Spectator on facebook

Spectator on facebook

BUSINESS IN SHORT

Pessimism prevails among CFOs

OVER two thirds of Slovak financial managers expect the Slovak economy to stagnate this year. Their pessimistic sentiment has worsened since last year, according to a survey carried out by accountacny firm Deloitte.

OVER two thirds of Slovak financial managers expect the Slovak economy to stagnate this year. Their pessimistic sentiment has worsened since last year, according to a survey carried out by accountacny firm Deloitte.

“This survey indicates something of a rise in scepticism in Slovakia, as more chief financial officers had previously believed improvements were coming,” said Deloitte Slovensko’s Zuzana Letková, as quoted by the TASR newswire.

The poll was also conducted among CFOs in 12 other countries in southern and eastern Europe in February and March. Around 7 percent of those asked were from Slovakia.

Due to negative expectations, financial managers expect a further increase in unemployment. As many as 84 percent of them expect the number of jobs in Slovakia to shrink. Four in ten financial managers also say that the most recent changes to the Labour Code and the tax-levy system have a direct impact on the loss of jobs, the SITA newswire wrote.

A good signal, however, is the fact that implementation of cost-cutting measures is no longer as high a priority for firms as it was at the start of the year.

“Companies instead concentrate on increasing revenues and deeper penetration of markets where they are already established,” Letková said, as quoted by SITA.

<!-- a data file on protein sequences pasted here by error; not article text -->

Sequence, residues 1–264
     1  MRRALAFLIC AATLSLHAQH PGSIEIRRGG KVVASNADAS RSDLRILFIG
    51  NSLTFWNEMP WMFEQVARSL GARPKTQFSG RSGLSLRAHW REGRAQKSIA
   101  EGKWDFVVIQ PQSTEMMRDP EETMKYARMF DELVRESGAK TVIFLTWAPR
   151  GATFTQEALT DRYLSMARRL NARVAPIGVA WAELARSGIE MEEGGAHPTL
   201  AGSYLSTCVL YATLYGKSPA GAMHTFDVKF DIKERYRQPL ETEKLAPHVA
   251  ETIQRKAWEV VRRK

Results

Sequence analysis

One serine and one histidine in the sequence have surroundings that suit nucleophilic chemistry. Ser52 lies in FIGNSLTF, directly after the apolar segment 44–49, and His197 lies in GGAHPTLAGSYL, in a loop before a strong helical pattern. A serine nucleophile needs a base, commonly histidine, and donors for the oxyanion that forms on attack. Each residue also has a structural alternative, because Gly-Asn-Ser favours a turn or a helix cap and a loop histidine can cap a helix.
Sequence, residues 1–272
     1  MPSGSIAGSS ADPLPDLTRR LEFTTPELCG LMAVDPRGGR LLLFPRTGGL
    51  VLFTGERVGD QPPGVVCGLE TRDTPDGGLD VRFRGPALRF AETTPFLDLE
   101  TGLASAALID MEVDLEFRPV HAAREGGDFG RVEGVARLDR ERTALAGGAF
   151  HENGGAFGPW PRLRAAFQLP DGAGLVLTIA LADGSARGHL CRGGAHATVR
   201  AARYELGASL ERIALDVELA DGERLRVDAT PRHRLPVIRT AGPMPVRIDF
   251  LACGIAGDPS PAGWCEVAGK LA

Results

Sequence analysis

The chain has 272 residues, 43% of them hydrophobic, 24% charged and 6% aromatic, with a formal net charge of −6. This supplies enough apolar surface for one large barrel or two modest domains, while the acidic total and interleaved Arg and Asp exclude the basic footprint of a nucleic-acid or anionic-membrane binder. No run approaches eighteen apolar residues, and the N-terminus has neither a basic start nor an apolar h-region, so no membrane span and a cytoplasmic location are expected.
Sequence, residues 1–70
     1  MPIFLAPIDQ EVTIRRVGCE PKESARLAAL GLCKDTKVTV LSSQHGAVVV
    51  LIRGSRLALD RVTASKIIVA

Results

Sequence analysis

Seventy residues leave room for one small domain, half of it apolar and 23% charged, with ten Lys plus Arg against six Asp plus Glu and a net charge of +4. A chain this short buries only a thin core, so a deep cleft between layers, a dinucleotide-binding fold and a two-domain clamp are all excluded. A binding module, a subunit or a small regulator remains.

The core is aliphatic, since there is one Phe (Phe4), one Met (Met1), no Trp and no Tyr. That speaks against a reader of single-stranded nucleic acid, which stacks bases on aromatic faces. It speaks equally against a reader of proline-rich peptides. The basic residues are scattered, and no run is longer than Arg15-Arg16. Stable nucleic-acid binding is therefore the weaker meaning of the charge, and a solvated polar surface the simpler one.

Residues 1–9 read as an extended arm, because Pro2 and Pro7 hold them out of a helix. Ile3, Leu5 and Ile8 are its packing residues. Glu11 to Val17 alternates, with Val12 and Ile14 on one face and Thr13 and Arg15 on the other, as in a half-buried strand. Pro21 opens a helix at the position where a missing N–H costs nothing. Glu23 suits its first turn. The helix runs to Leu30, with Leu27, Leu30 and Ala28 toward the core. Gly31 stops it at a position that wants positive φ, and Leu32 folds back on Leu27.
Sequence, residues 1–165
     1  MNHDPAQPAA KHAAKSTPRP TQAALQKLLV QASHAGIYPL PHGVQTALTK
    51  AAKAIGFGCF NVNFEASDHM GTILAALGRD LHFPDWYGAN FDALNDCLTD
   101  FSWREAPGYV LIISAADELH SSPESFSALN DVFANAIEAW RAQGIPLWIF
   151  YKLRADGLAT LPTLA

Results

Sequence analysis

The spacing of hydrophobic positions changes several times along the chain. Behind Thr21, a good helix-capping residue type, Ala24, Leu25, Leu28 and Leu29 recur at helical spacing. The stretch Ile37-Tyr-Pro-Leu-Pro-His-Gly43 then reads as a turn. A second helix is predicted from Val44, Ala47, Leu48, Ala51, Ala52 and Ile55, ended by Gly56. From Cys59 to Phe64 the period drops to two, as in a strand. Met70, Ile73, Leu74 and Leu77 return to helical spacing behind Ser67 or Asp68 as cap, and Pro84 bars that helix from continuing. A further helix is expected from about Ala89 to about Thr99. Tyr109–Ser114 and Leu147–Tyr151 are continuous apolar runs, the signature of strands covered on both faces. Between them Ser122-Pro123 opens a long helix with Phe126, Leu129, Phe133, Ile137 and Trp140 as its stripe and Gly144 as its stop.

Pessimistic expectations were also influenced by how financial directors perceive investments.
“Financial directors currently no longer prefer bigger investments and instead try to eliminate risks and stabilise the company,” said Jozef Hýbl, a senior manager at the Deloitte audit department, as quoted by SITA.

Top stories

UN committee: Slovakia still discriminates against Roma

Government should adopt measures to remove discrimination and segregation of the minority.

Moldava nad Bodvou

Slovak cybersecurity firm participated in global operation to disrupt malware system

Eset monitored malware and its impact on users over several years

Sagan shows impressive core exercises Video

The three-time world champion will start the new season in a month's time in Australia.

Peter Sagan

Infertility in men is increasing with those in their 40s better off then those in their 20s

Treatment of infertility can cost tens, or even several thousand euros. Only part of the cost is covered by health insurance companies.

To be fertile, a man has to have 15 million sperms per milligram of ejaculate, of which 4 million must be healthy.